Security and Safety | Feature
Bracing for Disaster
No safety program can stop every campus threat, but proper preparation can mean the difference between life and death. CT looks at the three key components of a successful program.
- By Dian Schaffhauser
A freak blizzard, a mentally ill and armed student, a record-breaking flood. No matter how idyllic your campus may feel, no matter how cocooned the ivory tower, disaster can strike. It can happen to you. Even if you're prepared, such an event will be an appalling ordeal. If your campus is unprepared, though, it comes like a sucker punch, potentially turning a crisis into a tragedy of unimagined proportions--and causing reverberations that will be felt for years.
Obviously, it's impossible to guard your campus against every threat, but you can be ready to react and respond. An effective disaster program is built on three cornerstones: developing a comprehensive safety plan; testing the plan; and deploying the technology to prepare for and respond to a crisis. Finding the money to pay for all of this could be considered the fourth cornerstone, but the truth is that funding tends to become available as a result of solid planning and testing.
#1: Make a Plan
Without a comprehensive plan, your program is dead in the water--just try to win a grant to buy equipment without one. A campus-safety plan works out the who, what, when, where, and how of emergency response. A well-rounded planning effort takes into account four aspects of every emergency:
- Risk assessment: Answers the question of how likely it is that a given emergency will happen, and lays out the assumptions that are used in planning a response.
- Prevention and mitigation: Addresses what steps need to be taken before an identified emergency happens, to prevent it from having an impact on people, assets, and operations.
- Emergency response: Maps out what the school needs to do when an emergency occurs.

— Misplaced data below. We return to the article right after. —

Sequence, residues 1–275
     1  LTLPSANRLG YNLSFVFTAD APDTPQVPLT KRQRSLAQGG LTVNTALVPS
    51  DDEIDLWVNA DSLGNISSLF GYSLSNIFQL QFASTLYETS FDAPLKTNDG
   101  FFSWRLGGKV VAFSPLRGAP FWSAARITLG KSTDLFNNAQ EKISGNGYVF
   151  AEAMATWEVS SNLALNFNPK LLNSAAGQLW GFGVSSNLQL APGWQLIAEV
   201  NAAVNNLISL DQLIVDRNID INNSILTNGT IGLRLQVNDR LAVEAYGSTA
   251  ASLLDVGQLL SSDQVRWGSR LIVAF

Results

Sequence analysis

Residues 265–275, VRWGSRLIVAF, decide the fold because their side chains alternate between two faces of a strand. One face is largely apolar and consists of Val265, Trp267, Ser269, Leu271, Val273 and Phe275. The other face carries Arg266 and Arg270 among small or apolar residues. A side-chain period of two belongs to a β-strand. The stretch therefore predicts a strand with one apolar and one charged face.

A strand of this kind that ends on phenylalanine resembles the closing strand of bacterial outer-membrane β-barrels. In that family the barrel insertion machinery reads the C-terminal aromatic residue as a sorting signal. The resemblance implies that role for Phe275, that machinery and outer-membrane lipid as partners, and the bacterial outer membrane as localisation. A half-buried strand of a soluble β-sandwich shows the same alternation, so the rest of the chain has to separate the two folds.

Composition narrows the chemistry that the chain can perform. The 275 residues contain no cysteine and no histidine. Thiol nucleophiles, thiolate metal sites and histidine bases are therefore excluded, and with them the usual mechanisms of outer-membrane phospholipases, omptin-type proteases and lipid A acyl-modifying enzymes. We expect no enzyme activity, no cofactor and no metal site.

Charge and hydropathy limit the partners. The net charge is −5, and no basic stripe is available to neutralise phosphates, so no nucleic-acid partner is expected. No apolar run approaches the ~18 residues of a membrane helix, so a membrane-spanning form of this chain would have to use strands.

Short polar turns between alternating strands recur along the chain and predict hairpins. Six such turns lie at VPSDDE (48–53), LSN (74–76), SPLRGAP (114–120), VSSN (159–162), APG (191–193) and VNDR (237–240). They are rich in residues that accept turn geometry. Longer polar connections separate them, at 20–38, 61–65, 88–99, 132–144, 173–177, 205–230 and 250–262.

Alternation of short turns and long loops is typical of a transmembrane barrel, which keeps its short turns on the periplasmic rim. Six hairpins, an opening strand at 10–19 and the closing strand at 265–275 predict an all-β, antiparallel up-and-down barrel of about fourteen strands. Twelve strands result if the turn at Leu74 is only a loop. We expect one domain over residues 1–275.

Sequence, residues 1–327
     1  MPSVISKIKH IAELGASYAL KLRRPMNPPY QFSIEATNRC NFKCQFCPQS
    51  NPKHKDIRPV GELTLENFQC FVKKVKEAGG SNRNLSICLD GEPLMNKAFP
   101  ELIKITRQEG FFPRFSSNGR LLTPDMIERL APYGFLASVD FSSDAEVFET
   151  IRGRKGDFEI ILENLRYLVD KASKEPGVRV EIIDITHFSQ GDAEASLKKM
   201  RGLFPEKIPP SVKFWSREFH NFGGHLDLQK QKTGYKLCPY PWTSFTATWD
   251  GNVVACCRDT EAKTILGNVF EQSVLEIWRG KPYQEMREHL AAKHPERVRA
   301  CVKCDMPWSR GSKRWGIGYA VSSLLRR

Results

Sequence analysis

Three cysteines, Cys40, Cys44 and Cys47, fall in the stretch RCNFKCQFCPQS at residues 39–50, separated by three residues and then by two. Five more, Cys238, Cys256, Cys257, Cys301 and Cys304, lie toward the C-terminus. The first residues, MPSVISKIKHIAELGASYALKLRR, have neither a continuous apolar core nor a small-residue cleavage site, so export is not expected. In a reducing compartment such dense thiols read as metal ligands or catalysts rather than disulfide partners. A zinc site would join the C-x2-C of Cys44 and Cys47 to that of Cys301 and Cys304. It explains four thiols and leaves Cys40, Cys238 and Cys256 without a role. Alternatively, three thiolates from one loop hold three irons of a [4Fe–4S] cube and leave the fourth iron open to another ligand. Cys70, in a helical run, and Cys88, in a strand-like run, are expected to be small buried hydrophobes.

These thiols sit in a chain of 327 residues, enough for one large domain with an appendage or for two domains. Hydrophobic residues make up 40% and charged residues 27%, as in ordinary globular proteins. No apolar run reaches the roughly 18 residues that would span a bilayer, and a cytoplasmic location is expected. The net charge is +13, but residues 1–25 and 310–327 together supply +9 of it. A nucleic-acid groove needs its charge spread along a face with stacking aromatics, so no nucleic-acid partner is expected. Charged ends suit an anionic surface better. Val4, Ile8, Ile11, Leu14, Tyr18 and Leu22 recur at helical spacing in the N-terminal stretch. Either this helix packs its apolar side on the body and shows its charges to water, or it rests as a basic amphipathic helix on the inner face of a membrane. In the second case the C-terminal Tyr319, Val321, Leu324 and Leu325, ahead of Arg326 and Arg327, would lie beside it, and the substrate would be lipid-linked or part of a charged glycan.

- Recovery: Guides operations and the resumption of business, once the immediate emergency demands are over.
According to Sharlene Mielke, coordinator for disaster recovery and business continuity at Northwestern University (IL), the whole point of the planning process is to eliminate guesswork and provide an organized, considered approach to all aspects of the emergency response.
At Northwestern, several people are responsible for plan development and training, which requires a level of investment that is not feasible at all institutions, especially smaller campuses. Yet Mielke believes that all schools need to find some way to focus on the issue of campus safety: If it's not through dedicated personnel, a well-structured campus-safety committee can handle the job. For one, it shows that the institution isn't in denial, and also sends a message of commitment to the entire campus community. It's a big mistake to believe that something bad "is not going to happen here," says Mielke. "Once you overcome that block as an institution, you're able to get things done quicker and easier and faster with a lot more calm. You don't have to create that sense of urgency to get out of the starting block."
Northwestern's emergency plan runs 50 pages. Broad, institution-wide plans feed into individual documents relevant to specific buildings and departments. For faculty and staff in these areas, the plans are heavy on detail, listing phone numbers and laying out procedures, such as who can terminate an evacuation in process or what a person calling 911 during a shooter scenario should say to the dispatcher. "It covers pretty much everything from the moment of the crisis onward and drives our immediate response," notes Mielke.
David Burns, director of the Emergency Management Office at the University of California, Los Angeles, has a slightly different philosophy. He believes the campus-safety plan should be "broad and simple" and used to identify common principles. If the plan is extremely rigid, he believes, it will have single points of failure, "so it only takes one mistake to make your plan fall completely apart."
"Every disaster is going to displace people, create mass casualties, mass fatalities," Burns explains. "It's going to create situations where you need to displace and evacuate people, which creates a sheltering issue, which causes need for medical treatment, food, water, sanitation. These are common characteristics of every disaster. Your plan should focus on those. That's how you keep it simple, and that's how experienced emergency managers address their plans."